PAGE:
Indian Prime Minister, Narendra Modi, recently met with Jensen Huang, founder and CEO of NVIDIA, at 7 Lok Kalyan Marg, New Delhi, the prime minister’s official residence. The meeting took place in the backdrop of Modi’s preparation for the upcoming G20 summit, where he is set to host global leaders including US President Joe Biden.
Modi and Huang engaged in a comprehensive discussion around India’s potential in the artificial intelligence (AI) sector. This event marks their second meeting, casting the spotlight on NVIDIA’s significant role in India’s burgeoning tech industry.
India recently made headlines by being the first nation to successfully land on the Moon’s south pole, exemplifying the growing technological prowess of the world’s largest democracy. Post his meeting with Modi, Huang further convened with several researchers from global tech and science powerhouses, such as the Indian Institute of Science and the Indian Institute of Technology, over an informal dinner.
These attendees represented an impressive assortment of talents in diverse fields such as large language models, astrophysics, medicine, quantum computing, and natural language processing. The conversation spanned across diverse topics including the use of technology to tackle language barriers, enhance agricultural productivity, bridge healthcare service gaps, and transform digital economies, alongside addressing some of the major scientific challenges of our times.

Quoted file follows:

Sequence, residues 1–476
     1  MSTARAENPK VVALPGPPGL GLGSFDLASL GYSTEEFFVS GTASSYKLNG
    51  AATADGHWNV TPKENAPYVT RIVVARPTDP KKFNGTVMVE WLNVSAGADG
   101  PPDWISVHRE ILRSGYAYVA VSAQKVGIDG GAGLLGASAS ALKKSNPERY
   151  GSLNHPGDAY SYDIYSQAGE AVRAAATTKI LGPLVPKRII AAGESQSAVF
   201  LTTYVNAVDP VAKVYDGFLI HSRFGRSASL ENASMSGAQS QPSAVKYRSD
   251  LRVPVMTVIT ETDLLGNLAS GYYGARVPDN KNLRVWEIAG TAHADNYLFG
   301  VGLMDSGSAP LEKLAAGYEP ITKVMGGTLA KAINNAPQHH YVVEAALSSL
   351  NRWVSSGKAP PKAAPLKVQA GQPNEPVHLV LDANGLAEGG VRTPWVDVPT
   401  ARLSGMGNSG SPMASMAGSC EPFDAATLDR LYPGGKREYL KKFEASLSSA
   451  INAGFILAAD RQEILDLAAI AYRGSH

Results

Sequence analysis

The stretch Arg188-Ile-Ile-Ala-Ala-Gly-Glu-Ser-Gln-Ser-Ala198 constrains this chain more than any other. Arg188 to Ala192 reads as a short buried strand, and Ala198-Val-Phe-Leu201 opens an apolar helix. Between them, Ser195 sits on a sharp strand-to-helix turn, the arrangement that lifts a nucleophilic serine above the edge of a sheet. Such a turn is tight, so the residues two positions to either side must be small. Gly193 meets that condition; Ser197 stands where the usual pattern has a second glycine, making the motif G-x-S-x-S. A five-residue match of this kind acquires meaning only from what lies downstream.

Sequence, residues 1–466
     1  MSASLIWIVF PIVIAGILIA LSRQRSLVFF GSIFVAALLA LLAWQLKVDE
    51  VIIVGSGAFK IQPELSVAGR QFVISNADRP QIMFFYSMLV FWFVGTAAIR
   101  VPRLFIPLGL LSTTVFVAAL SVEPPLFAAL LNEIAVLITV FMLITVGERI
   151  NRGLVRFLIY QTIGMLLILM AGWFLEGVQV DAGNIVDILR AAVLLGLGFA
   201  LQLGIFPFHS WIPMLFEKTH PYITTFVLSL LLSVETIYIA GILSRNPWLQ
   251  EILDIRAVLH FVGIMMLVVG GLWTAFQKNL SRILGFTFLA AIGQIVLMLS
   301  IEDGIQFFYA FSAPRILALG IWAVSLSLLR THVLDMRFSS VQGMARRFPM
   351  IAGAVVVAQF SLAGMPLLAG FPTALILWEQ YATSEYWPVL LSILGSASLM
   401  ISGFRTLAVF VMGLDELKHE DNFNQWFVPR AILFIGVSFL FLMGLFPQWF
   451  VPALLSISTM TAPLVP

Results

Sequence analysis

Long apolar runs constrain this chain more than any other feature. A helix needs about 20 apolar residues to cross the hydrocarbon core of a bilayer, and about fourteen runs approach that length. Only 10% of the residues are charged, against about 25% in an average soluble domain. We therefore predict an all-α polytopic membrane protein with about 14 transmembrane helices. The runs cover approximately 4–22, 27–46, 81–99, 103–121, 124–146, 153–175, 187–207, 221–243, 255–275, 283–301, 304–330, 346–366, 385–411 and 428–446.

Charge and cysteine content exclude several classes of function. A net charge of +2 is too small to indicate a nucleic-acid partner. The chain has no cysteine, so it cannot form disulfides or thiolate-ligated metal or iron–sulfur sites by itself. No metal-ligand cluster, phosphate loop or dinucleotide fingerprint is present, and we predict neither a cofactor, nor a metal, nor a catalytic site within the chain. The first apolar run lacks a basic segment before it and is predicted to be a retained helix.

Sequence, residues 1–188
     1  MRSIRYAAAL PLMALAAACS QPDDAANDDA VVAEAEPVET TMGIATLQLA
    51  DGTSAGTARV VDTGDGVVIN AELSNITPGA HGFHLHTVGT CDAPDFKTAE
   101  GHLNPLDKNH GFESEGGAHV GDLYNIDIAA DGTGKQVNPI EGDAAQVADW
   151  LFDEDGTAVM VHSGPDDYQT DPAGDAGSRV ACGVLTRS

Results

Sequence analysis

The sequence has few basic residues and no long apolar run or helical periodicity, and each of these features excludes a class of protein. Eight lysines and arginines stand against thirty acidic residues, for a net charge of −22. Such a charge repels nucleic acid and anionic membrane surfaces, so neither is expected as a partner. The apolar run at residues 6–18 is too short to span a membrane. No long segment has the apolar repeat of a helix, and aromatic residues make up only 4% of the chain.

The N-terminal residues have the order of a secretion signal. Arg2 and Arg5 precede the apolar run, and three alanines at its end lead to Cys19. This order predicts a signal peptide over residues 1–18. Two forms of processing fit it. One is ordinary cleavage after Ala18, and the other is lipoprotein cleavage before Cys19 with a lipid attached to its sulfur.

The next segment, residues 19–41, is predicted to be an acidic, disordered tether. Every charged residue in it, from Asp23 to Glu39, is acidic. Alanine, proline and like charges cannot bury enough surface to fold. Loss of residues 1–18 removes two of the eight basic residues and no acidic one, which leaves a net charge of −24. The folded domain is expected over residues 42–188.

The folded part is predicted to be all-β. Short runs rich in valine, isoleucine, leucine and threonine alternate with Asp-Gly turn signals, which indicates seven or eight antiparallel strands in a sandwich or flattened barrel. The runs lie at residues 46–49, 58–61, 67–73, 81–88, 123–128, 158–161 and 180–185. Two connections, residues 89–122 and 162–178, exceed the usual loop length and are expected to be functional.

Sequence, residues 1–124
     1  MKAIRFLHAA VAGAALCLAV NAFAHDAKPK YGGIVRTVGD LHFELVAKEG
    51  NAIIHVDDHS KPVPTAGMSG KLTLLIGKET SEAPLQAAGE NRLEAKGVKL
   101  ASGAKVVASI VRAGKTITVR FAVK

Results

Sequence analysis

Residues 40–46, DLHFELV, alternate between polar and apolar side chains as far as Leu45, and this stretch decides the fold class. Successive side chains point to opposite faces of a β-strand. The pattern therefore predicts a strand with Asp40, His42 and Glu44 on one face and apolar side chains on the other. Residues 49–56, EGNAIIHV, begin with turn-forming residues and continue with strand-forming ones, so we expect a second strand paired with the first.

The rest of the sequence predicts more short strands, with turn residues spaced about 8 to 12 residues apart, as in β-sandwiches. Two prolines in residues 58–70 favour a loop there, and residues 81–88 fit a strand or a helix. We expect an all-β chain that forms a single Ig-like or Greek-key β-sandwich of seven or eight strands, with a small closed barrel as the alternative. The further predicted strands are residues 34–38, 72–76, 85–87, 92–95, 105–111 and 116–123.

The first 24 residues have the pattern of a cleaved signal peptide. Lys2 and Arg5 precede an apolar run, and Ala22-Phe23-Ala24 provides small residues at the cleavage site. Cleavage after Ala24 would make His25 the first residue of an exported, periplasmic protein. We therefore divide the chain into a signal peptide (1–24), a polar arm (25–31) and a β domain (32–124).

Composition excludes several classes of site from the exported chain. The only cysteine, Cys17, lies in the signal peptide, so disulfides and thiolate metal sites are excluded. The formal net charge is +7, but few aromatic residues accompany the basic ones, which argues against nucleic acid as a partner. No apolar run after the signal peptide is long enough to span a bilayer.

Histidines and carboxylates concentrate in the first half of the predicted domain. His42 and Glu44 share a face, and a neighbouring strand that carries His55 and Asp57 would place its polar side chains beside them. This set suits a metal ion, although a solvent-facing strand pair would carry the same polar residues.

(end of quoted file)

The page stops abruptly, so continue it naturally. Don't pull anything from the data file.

NVIDIA has long-standing ties with India, having commenced operations in Bangalore back in 2004. Today, the country houses four of NVIDIA’s engineering development centers, located in Gurugram, Hyderabad, Pune, and Bengaluru, employing over 3,800 individuals. NVIDIA’s developer program boasts of over 320,000 Indian developers, with the company’s CUDA parallel programming platform seeing approximately 40,000 downloads every month in India alone.
These developments come amid the Indian government’s ongoing efforts to bolster the nation’s IT infrastructure. It is anticipated that a compute grid will soon connect 20 cities across India, facilitating efficient collaboration and data sharing among researchers and scientists.
Modi has set ambitious targets for India’s economic development, aiming for the country to become the world’s third-largest economy by 2030 – it currently stands fifth. Furthermore, by 2047, the centenary year of India’s independence, the country is expected to join the league of developed economies.